The nearly inch-long, black-and-yellow bee is unusual in that it's a "cuckoo" or social parasite that takes over the nests of other bumblebees. It subdues their resident queen and makes the worker bees feed and care for its own young.

But this bee may not survive its recent steep declines. That's why this week the Center petitioned to protect it under the Endangered Species Act.

Read more.

The Revelator: Tiger King and the Illegal U.S. Tiger Trade

Captive tigers

Last month Netflix released its sensationalist docu-series Tiger King: Murder, Mayhem and Madness, and housebound viewers flocked to the spectacle. The show was less about tigers, the most endangered big cats in the world, than the tormented egos and trashy dramas of the people involved in their abuse. Real documentaries should inspire change, not milk misery for profit — so The Revelator takes a look at the tragic story behind the tawdry one.

Read it and sign up for The Revelator's weekly e-newsletter.

Deepwater Horizon: 10 Years Later

Deepwater Horizon

In a new piece on Medium, the Center's Oceans Legal Director Kristen Monsell remembers the Deepwater Horizon oil spill in April 2010. The disaster killed 11 people, shut down fishing, polluted vast areas of shore and sea, and harmed huge numbers of animals and plants, including endangered species. Under the Trump administration, "we're still drilling and spilling more than ever in the Gulf of Mexico," writes Kristen.

Have we learned anything? Will this happen again?

Read her article now.

Op-ed: Out of View, Trump EPA Pushes Dangerous Poisons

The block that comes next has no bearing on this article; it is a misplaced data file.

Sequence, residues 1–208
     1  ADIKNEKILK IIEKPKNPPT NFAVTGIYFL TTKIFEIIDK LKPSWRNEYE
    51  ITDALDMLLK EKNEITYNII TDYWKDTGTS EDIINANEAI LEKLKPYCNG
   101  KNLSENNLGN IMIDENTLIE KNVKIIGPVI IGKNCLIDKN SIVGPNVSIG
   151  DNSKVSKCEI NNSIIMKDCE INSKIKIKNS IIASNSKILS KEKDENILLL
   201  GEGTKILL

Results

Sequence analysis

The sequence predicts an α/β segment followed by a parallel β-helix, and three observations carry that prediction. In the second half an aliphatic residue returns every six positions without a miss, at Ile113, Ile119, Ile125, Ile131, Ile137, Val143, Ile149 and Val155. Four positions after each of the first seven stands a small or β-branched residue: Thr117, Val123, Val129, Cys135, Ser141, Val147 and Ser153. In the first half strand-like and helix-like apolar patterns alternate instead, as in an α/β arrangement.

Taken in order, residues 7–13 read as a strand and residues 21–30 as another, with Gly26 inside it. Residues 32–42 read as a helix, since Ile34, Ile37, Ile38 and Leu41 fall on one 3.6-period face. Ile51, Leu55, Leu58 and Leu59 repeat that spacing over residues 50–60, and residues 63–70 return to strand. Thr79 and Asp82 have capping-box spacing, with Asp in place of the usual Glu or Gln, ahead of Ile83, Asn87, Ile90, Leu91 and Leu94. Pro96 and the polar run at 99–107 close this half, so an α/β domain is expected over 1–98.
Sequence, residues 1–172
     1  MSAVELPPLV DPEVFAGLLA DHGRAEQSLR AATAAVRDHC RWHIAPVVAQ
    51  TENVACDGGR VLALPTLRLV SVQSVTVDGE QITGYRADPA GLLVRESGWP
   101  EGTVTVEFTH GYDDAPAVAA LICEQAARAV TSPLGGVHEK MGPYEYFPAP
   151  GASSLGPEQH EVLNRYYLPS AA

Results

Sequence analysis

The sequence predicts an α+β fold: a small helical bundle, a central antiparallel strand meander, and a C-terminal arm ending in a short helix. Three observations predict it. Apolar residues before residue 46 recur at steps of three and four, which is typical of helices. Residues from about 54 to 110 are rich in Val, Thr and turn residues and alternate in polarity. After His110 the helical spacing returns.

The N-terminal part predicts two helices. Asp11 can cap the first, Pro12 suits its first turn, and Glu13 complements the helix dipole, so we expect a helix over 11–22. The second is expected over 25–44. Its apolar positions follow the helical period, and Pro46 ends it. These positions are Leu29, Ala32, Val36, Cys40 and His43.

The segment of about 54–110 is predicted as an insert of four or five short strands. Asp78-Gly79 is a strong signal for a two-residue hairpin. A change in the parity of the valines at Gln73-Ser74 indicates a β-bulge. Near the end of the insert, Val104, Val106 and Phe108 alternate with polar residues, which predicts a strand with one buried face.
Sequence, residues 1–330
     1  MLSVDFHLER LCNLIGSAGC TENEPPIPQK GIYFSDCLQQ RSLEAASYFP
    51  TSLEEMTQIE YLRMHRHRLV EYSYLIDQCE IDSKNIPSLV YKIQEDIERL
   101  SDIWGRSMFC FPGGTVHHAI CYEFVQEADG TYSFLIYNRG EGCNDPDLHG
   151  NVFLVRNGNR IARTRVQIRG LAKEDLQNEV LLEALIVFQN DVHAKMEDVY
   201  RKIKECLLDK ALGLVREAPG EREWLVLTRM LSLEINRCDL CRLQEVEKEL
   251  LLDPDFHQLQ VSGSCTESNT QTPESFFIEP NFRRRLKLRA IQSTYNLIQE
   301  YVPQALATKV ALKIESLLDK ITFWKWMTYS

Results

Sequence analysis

You've probably never heard of a pesticide called isoxaflutole, writes the Center's Dr. Nate Donley in Environmental Health News. And that's exactly how the Trump Environmental Protection Agency, under former coal lobbyist Andrew Wheeler, wants it. The newly approved pesticide has been linked to cancer and, like dicamba, is prone to drift. But that didn't stop the EPA from approving it for use on 90 million acres in 25 states last month — and stifling public participation in the process.

Check out Nate's column.

Climate protest

How Fiction Can Fight Climate Change

"All the most beautiful and terrible things we do as human beings, we do with words: law, policy, religion, art — also the bomb. The first atomic bomb was made of words. Math is a language too. … We can end ourselves with words, but we can also save ourselves."

In an Earth Day conversation for NPR, Pulitzer Prize–nominated author and Center staffer Lydia Millet talks about the power of fiction to address the global crises of climate change and extinction.

Tune in to hear from Lydia as well as authors Amy Brady and Jenny Offill.

Ring-tailed lemur

Wild & Weird: Male Lemurs Use Body Odor as Pick-up Line

A new study has discovered that during breeding season, male ring-tailed lemurs secrete a combination of chemicals similar to pheromones from glands on their wrists to attract potential mates.

The males rub their smelly wrists on their tails and then shake their tails to waft the vaporized perfume toward the objects of their affection. The secretions seem to pique the interest of females, who lick places where droplets of the chemicals settle. Scientists have dubbed the process "stink flirting."

According to researchers one of these chemicals produced by the males smells like pear.

Read more — and watch video of a lemur stink flirting — at Smithsonian Magazine.

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Photo credits: Elephant via Unsplash; wolverine by Mathias Appel/Flickr; grizzly bear by frostnip/Flickr; Alexander Archipelago wolf (c) Michelle Rodgers; logging by Ancient Forest Alliance; Cumberland sandwort courtesy Tennessee Department of Environment and Conservation; Suckley's cuckoo bumblebee by Hadel Go/American Museum of Natural History; captive tigers courtesy The HSUS; Deepwater Horizon courtesy U.S. Coast Guard; dandelions by Blonde Bomb/Flickr; climate change protest by Joe Brusky/Flickr; ring-tailed lemur by Mathias Appel/Flickr.

Center for Biological Diversity